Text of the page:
Legislating worker justice : the formalisation of paid domestic work in Maputo, Mozambique.
Castel-Branco, Ruth Kelia.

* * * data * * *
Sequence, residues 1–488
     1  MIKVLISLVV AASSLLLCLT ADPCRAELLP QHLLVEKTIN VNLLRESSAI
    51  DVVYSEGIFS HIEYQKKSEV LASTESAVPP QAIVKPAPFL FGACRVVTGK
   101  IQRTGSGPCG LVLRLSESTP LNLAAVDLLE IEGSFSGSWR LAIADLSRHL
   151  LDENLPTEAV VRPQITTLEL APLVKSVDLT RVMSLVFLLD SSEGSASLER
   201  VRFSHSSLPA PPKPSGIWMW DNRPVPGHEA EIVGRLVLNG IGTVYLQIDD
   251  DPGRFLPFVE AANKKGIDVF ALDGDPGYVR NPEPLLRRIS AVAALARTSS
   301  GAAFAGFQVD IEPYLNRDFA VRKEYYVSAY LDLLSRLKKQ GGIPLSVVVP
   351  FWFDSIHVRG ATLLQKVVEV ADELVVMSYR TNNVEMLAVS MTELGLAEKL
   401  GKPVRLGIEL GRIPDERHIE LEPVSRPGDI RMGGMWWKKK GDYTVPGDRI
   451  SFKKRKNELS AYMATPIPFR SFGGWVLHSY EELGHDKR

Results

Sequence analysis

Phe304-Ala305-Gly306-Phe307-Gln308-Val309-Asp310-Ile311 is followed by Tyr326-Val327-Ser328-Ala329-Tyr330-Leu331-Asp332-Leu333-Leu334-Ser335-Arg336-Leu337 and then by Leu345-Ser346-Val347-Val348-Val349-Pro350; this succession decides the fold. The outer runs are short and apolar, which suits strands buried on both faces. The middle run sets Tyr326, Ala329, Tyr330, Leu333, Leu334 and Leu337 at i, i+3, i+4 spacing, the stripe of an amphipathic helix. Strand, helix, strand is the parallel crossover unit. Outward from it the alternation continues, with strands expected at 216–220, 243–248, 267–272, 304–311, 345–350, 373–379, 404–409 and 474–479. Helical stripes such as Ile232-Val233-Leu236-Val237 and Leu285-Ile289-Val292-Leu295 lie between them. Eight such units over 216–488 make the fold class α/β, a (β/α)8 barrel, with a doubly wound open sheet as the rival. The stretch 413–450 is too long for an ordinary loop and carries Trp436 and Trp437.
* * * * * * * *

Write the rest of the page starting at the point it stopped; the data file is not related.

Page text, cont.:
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Paid domestic work is the most important occupation for urban Mozambican women after self-employment. Domestic workers perform the reproductive and productive functions necessary to keep households running and the economy growing. Despite the importance of this sector, it is characterised by low wages, long hours, rigorous schedules, and vulnerability to abuse. In 2008, Mozambique’s National Assembly passed Decree 40/2008, extending labour protections to domestic workers. There is significant debate however about whether labour protection can transform working conditions in such an intimate sector. Domestic work takes place in isolation, behind the closed doors and high walls of private homes; it consists of intimate tasks, adding a personalness to the employment relationship; and working conditions are negotiated one-on-one with employers. Drawing on historical research, primary observations and semi-structured interviews with key informants and domestic workers in Maputo’s central city, this study discusses the opportunities and limitations of legislating worker justice in an intimate profession. It explores how the institutional and regulatory framework both enables and prevents improvements in working conditions; how domestic workers leverage these institutions to advance their interests; and the informal strategies and tactics they use concurrently. The study suggests that Decree 40/2008 has had limited direct impact on working conditions. Its ambiguous language, poor dissemination, and weak regulatory structure, combined with the precarious nature of Maputo’s labour market and entrenched power relations between workers and employers, mean that domestic workers exhibit high levels of accommodation or patience, preferring to wait for conditions to improve or better options to surface, than to make outright demands from employers. However, this study also suggests Decree 40/2008 has galvanised domestic worker organising, creating a focus of mobilisation and advocacy with the potential to profoundly affect working conditions in this sector. In the context of a fractured labour movement however, domestic worker organising has become a battleground for autonomy, power, and resources. It is still too early to know whether domestic workers will ultimately benefit.